PhD Candidate Merin Oleschuk recently co-authored a piece on maternal foodwork with Professors Kate Cairns and Josée Johnston that was featured on the Gender & Society blog. The Gender & Society blog posts pieces for a general audience that align with the mandate of the Gender and Society journal. This blog post examines the careful "balancing act" that mothers perform when deciding what to feed their children according to societal expectations. Using the conceptual figures of the "McDonalds Mom" and the "Organic Mom", the authors illustrate how mothers are penalized for both healthy and unhealthy choices, and how different social contexts can perpetuate these undesirable labels or hinder mothers from reaching the acceptable balance. Merin is currently completing her dissertation on how social inequalities shape food and the practices surrounding it.
We have posted an excerpt of the blog post below.
Calibrating Extremes: The Balancing Act of Maternal Foodwork
By Kate Cairns, Josée Johnston and Merin Oleschuk
When it comes to feeding children, mothers today must avoid the appearance of caring too little, or too much. Either extreme garners social stigma, although the penalties are far from equal.
Theresa describes how becoming a mother brought heightened significance to her food decisions. “I really tried to avoid the junk,” she says, hosting a focus group of friends in her Toronto apartment. A mixed-race single mother raising three kids on social assistance, Theresa says the scarcity of time and money makes putting regular healthy meals on the table difficult. But occasionally her efforts pay off. She recalls with pride the time her five-year-old son “went to a birthday party at McDonald’s, came home and threw up because he just wasn’t used to that food.” For Theresa, her son’s intolerance for fast food was evidence of her devoted feeding work.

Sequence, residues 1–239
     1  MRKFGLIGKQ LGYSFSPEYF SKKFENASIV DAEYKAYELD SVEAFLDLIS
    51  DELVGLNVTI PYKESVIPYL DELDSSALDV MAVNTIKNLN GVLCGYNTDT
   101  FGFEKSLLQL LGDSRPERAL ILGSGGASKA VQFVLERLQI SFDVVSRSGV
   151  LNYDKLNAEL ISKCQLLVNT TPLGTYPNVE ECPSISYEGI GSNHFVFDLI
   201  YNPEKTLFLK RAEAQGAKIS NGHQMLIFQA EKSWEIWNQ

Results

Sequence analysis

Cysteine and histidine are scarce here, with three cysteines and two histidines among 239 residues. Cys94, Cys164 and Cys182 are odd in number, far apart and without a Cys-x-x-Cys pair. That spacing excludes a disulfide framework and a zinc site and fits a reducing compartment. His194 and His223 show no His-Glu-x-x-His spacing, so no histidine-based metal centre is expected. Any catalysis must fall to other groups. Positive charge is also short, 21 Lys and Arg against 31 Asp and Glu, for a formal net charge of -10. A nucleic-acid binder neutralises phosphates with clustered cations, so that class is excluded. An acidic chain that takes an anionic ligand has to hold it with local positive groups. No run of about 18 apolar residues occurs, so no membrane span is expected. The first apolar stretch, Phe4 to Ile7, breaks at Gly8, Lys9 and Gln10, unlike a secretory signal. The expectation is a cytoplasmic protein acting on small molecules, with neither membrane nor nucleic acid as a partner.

The specter of the “McDonalds Mom”
When we conducted interviews and focus groups with Toronto women, many mothers described ongoing efforts to feed their kids nutritious meals, while avoiding processed “junk.” In doing so, these women distanced their own feeding practices from an imagined “bad” mother who makes “bad” food choices. Carol (white, producer) admits that she sometimes scrutinizes other grocery carts with a “judgmental eye” when she sees “really awful stuff going down the conveyer belt with kids there.” Tara (a white single-mother who was unable to work due to chronic pain) expressed frustration that her son’s healthy lunches would inevitably be traded for junk because his friends were sent to school with “all this crap.”
As mothers in our study distanced themselves from an unhealthy “Other” who made poor food choices, we were surprised how frequently McDonald’s entered the conversation. McDonald’s seemed to function as a trope symbolizing “easy” meals, “unhealthy” choices, and “bad” mothering more generally. Gail (white, acupuncturist) contrasted her vision of healthy home cooking with a “stereotypical image of someone stopping at McDonald’s to get food for their kids.” Marissa (Black, project manager) confessed that as “busy people we do need to do fast food,” but clarified that “my kids will tell you that does not mean McDonald’s.” Lucia (Latina, social worker) said she and her son “talk about what’s junk and you know, McDonald’s and all that kind of food” in an effort to teach him “what’s healthy, what’s not healthy.”
Again and again, mothers distanced themselves from the figure of the “McDonald’s Mom,” a stigmatized “Other” they used to defend their own feeding practices. While this defense may seem judgmental, we suggest mothers’ efforts to establish this distance reflect the intense pressures they experience feeding their children...